In the Supplementary Material, we report detailed measures on the likelihood of successfully turning proposals into links, by type of player for all endogenous treatments.
Note that conformity on either action is an equilibrium as long as all agents have at least one connection and \(\alpha \le 2\beta \). These conditions are satisfied for all networks endogenously created in endo. See details in the Supplementary Material.
This design choice is justified by the minimal variations in the network structures observed in endo, which closely resemble the static nature of the fixed structures considered here. However, we realize this is not the unique option to investigate the role of endogenous linking. For example, an alternative would consist in setting the exact sequences of networks as created in endo, and ask a new group of subjects to play coordination games on those networks (which would then exogenously change over time). While such a method may offer a closer comparison with endo, we believe it would not uncover significantly more insights.
As in the design presented above, each of these new treatments consists of 6 groups of 15 subjects whose decisions are made over 20 periods, resulting in a total of 240 observations at the group level.
Treatments exosym and exoasym are aimed to resemble linking patterns as in endo, while imposing the network exogenously. Potentially, other forms of linking patterns can induce differences in outcomes and discourage conformity even more, but this was not part of our aim in this robustness check. For examples of studies exploring the effects of different linking patterns (network structures) on outcomes see Choi and Lee (2014), Antonioni et al. (2013) and Kearns et al. (2012).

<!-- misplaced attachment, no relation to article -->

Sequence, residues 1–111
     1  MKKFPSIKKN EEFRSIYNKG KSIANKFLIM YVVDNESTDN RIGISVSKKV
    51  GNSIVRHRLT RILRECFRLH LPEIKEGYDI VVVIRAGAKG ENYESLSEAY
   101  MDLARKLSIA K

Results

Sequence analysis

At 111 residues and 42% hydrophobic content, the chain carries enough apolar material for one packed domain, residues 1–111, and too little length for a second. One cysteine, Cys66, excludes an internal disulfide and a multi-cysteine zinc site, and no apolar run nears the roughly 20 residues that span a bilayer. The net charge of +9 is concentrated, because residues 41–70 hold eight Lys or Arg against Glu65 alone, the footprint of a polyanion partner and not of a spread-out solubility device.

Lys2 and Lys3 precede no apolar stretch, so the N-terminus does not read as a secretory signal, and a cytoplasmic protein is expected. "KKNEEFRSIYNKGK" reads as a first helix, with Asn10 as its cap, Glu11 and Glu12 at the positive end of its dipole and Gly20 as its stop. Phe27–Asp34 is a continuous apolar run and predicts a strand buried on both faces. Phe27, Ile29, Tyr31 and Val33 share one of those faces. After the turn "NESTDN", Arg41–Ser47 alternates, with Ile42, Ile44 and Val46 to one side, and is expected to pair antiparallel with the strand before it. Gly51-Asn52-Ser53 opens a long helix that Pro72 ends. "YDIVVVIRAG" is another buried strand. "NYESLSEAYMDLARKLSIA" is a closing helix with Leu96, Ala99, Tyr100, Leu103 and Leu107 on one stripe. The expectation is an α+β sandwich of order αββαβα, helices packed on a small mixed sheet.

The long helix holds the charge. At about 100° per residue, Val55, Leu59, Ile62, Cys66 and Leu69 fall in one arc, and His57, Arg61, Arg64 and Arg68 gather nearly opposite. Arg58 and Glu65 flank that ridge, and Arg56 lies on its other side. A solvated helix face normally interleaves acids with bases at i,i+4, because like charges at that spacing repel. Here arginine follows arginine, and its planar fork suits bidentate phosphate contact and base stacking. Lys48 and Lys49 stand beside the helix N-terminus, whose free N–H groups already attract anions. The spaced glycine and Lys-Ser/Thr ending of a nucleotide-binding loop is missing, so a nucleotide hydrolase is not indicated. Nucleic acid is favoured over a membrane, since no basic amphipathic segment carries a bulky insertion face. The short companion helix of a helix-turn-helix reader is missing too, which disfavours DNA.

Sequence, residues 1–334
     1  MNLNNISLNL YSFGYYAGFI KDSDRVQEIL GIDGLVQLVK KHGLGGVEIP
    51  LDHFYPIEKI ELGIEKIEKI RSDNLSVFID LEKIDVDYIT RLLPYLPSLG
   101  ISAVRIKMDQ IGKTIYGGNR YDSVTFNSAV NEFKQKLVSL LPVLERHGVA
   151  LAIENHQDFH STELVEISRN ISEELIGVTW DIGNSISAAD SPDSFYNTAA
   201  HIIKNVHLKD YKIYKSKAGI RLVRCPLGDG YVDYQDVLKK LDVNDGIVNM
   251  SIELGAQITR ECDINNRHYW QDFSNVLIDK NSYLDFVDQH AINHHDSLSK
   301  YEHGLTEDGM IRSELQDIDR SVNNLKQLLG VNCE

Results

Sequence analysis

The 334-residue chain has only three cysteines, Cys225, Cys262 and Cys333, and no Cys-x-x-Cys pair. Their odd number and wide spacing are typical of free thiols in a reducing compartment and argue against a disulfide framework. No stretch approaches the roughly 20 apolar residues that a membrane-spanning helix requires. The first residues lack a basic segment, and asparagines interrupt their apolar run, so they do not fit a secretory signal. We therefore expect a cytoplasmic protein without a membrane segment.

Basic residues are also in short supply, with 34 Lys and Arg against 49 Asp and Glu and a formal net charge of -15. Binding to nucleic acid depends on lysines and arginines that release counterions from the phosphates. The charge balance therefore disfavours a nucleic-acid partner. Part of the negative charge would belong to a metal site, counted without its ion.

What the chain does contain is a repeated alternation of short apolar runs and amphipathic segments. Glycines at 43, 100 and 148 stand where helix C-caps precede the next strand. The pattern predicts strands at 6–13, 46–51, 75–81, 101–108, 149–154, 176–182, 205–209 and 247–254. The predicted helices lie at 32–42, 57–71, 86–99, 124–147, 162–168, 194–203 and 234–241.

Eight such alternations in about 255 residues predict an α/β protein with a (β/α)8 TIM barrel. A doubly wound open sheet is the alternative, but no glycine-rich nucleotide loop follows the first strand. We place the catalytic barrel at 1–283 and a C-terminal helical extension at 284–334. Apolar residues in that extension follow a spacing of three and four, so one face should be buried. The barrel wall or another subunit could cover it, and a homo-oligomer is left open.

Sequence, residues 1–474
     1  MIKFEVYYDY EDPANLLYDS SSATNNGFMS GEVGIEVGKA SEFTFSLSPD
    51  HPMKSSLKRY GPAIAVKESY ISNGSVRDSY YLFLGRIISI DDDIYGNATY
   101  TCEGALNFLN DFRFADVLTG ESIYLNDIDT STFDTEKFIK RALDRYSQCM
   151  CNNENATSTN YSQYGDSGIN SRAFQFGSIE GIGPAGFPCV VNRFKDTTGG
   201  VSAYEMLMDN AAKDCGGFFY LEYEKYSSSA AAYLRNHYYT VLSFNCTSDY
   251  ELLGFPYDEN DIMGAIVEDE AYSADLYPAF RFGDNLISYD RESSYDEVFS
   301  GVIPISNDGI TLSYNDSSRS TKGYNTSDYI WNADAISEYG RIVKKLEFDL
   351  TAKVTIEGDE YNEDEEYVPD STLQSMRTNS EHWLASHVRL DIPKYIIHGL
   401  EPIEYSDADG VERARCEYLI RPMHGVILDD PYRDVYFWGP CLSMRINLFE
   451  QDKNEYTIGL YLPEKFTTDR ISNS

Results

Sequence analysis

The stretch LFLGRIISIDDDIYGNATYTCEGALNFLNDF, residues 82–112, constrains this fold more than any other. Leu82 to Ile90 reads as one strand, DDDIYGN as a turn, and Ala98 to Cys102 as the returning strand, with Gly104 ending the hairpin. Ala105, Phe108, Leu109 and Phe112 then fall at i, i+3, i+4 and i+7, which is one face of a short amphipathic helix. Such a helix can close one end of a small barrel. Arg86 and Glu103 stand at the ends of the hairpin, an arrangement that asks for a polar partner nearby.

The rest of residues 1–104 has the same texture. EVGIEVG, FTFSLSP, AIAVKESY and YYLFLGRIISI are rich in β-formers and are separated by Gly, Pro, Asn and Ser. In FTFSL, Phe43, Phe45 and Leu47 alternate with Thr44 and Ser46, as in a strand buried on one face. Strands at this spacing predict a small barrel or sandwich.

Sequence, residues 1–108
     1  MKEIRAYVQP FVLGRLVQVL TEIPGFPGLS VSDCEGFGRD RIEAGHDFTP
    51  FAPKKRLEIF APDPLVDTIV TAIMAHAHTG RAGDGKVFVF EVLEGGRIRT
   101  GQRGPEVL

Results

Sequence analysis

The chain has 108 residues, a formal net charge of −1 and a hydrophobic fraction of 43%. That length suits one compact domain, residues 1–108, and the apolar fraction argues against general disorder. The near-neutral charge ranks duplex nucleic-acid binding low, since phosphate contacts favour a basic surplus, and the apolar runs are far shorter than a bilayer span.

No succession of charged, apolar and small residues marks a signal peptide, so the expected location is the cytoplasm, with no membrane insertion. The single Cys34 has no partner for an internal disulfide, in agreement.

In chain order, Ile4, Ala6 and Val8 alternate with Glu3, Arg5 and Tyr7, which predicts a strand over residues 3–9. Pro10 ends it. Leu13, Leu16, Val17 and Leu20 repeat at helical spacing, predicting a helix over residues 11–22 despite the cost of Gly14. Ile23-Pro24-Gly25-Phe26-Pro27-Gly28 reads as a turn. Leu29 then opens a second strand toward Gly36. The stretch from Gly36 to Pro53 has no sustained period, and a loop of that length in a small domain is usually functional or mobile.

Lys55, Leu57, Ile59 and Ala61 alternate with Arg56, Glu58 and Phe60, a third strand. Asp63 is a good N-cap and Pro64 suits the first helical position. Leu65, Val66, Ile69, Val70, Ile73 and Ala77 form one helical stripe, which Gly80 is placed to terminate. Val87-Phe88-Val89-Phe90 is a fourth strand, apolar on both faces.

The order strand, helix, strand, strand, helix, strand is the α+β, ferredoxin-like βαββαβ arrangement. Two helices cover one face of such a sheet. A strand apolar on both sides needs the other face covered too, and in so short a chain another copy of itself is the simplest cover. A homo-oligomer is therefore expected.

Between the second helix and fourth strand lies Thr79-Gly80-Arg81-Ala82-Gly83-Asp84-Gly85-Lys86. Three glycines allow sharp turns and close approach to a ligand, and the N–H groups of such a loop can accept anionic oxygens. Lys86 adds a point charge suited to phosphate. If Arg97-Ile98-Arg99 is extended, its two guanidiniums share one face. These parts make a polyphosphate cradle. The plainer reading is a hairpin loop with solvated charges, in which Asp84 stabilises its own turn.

In exosym, one of the remaining groups converges to conformity on the minority’s action and the remaining four groups converge to diversity. In exoasym, the remaining three groups converge to diversity.
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We are grateful to the editor and two anonymous referees for comments that have significantly improved the paper. This paper has been supported by the EU through FET-Proactive Project DOLFINS (Contract No. 640772) and FET-Open Project IBSEN (Contract No. 662725), Grant FIS2015-64349-P (MINECO/FEDER, UE), Grant ECO2017-87245-R (MINECO/FEDER, UE), and Grant AICO/2019/053 (Consellera dInnovaci, Universitats, Cincia i Societat Digital, Generalitat Valenciana). We are grateful to Marina Agranov, Gary Charness, Vince Crawford, Sihua Ding, Matt Elliott, Edoardo Gallo, Joerg Kalbfuss, Jonathan Newton, Theo Offerman, Gustavo Paez, Romans Pancs, Debraj Ray, Arno Reidl, Marzena Rostek, Robert Sugden, Alan Walsh, Sevgi Yuksel, and participants at a number of seminars for helpful comments.
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Goyal, S., Hernández, P., Martínez-Cánovas, G. et al. Integration and diversity. Exp Econ 24, 387–413 (2021). https://doi.org/10.1007/s10683-020-09676-6
- Equilibrium selection
- Social coordination